With his second straight win, Prescott doubled the number of victories the Cowboys (2-1) had in 14 games without injured quarterback Tony Romo over three seasons before the rookie fourth-round pick showed up.

Prescott’s first TD pass was a 17-yarder to Dez Bryant for a 31-10 lead in the fourth quarter, and he’s up to 99 throws without an interception to start his career. Philadelphia rookie Carson Wentz has 102, and those are the two highest career-opening totals in NFL history.

Brian Hoyer had trouble moving the Chicago offence early with Jay Cutler sidelined by a sprained right thumb as the Bears fell behind 24-3 at halftime and dropped to 0-3 for the second time in two seasons under coach John Fox.

Making his 27th career start for his fourth different team, Hoyer was 30 of 49 for 317 yards -- a good portion of that with the game out of each late in the fourth quarter -- and threw for two scores to Zach Miller.

Rookie fourth overall pick Ezekiel Elliott had his first 100-yard game for Dallas, finishing with 140 yards on 30 carries and a 14-yard run when he hurdled safety Chris Prosinski.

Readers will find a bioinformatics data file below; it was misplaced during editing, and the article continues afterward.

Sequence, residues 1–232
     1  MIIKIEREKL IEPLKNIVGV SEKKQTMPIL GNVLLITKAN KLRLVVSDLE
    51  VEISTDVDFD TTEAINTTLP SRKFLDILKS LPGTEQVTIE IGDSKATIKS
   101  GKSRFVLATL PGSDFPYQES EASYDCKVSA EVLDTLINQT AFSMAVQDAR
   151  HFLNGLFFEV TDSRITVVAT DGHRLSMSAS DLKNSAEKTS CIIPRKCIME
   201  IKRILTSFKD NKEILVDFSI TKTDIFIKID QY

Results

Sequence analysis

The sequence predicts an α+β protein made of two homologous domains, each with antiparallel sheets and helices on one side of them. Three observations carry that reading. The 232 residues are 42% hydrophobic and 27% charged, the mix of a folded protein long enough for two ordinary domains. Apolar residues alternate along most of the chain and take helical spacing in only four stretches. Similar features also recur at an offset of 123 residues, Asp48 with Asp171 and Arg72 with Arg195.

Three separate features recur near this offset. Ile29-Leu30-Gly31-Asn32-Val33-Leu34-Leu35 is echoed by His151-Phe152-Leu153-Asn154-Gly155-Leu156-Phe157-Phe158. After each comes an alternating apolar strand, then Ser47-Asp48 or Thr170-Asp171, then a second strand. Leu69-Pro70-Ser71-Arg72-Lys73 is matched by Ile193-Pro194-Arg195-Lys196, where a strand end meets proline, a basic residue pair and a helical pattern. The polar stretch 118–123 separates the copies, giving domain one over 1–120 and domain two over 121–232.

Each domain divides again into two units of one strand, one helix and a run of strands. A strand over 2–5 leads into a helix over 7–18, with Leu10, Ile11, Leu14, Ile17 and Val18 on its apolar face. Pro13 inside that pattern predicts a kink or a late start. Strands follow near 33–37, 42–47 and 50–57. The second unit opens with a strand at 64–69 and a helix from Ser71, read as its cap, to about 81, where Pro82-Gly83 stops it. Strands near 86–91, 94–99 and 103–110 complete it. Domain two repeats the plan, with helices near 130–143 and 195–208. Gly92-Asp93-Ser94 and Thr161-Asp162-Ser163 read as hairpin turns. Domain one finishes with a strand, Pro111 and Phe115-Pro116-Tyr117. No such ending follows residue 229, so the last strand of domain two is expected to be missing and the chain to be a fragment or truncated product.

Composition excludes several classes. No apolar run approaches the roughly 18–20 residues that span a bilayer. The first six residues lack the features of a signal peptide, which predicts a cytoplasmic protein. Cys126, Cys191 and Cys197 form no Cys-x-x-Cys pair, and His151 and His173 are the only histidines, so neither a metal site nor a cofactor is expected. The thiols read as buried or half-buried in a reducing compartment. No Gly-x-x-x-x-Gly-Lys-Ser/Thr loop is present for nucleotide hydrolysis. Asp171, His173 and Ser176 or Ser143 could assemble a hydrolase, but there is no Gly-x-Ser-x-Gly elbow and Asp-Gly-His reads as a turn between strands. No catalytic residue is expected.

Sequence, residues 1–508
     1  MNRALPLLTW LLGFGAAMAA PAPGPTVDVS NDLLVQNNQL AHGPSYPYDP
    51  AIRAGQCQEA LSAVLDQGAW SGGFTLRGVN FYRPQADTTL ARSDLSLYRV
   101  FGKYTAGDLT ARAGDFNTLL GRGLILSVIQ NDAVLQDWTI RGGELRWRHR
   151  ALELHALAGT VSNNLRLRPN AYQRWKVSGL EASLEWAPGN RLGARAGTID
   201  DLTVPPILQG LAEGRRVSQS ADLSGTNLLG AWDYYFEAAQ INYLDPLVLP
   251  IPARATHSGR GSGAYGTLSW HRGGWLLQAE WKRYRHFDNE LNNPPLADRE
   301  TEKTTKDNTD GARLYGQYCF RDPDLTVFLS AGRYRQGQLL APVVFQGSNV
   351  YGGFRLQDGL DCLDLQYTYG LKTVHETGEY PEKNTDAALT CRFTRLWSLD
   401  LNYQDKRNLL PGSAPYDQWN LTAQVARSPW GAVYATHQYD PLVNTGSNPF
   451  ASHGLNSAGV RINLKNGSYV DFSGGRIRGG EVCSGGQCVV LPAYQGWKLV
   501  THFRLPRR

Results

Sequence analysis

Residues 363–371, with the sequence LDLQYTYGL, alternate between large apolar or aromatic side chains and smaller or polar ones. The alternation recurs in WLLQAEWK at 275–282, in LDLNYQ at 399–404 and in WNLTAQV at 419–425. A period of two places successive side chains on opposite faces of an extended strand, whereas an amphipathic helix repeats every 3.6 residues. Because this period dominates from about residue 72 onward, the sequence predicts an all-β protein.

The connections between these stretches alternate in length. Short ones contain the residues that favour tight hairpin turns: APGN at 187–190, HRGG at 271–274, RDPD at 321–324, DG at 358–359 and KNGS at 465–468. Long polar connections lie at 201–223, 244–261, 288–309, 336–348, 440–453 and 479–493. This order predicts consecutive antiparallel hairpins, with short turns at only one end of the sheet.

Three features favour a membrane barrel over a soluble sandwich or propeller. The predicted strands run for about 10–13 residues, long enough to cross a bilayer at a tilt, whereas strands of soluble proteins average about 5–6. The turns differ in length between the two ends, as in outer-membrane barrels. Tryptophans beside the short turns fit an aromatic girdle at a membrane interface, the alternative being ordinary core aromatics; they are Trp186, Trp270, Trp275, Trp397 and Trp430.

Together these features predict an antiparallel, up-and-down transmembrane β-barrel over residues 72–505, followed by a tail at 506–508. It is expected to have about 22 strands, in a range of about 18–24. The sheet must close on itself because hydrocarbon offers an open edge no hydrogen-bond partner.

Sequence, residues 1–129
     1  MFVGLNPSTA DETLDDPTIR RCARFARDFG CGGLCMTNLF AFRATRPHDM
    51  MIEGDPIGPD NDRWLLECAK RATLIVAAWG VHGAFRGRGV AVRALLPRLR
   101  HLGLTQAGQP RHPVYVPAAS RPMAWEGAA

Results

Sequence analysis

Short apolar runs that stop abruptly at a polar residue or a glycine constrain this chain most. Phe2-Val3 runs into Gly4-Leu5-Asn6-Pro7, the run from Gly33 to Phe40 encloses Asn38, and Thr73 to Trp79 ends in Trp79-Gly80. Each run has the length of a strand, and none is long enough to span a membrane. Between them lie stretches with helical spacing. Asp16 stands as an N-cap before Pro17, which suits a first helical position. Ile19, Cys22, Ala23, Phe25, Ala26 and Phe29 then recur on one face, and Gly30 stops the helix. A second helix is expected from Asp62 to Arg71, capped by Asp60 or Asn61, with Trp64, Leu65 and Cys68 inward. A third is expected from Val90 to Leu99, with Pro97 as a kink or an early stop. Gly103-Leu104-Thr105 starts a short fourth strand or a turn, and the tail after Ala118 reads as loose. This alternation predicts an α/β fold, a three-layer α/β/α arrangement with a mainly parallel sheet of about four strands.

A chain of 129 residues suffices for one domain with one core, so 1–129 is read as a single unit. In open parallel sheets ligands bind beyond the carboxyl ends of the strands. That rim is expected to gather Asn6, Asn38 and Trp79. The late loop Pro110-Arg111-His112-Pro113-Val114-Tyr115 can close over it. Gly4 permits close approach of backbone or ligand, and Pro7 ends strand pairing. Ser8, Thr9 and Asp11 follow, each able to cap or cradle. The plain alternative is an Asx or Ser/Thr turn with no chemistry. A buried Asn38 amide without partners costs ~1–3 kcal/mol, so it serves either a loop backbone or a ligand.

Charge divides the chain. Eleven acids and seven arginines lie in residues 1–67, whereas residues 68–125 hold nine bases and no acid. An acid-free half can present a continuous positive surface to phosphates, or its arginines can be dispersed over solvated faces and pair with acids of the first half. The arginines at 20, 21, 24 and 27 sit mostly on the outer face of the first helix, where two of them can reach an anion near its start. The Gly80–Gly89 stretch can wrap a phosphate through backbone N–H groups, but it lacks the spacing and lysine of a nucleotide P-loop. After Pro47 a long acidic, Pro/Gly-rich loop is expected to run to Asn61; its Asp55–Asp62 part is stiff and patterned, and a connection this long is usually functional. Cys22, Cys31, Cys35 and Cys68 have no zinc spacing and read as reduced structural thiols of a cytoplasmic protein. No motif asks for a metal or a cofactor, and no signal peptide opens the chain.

It didn't even bother Prescott that Pro Bowl left tackle Tyron Smith missed just the second game of his six-year career after his back tightened up during the week.

Prescott was 19 of 24 for 248 yards in Dallas' first home win since last year's opener, which was a week before the first of two broken left collarbones that kept Romo out of 12 games last season. Romo is expected to miss about another month after breaking a bone in his back in the preseason.

Prescott had one of three rushing touchdowns for the Cowboys, who have seven this season after getting eight all of last year, when they finished 4-12.

Because the Bears fell behind again, they couldn't do much with the running game. They had just 15 carries for 73 yards and lost leading rusher Jeremy Langford to an ankle injury in the second half.

MISSING PIECES

It was Chicago's first game without linebackers Danny Trevathan (sprain thumb) and Lamarr Houston (season-ending left ACL year). And the Bears struggled to slow the Cowboys, getting outgained 274-114 in the first half. Dallas had a 19-4 edge in first downs before halftime and finished with 447 yards, including 199 on the ground.

STAYING ALIVE

The Cowboys were on their way to a score on a fifth straight possession when Terrance Williams fumbled at the end of a 47-yard catch on the opening drive of the second half. The Bears turned that into the first of Hoyer's two TDs to Miller, a 2-yarder on fourth down to cut it to 24-10.

INJURIES

Chicago S Harold Jones-Quartey left with a concussion in the first half and didn't return. ... The Cowboys lost another lineman when LG La'el Collins missed the second half with a sprained foot. Ron Leary, the starter who lost his job to Collins this season, was his replacement.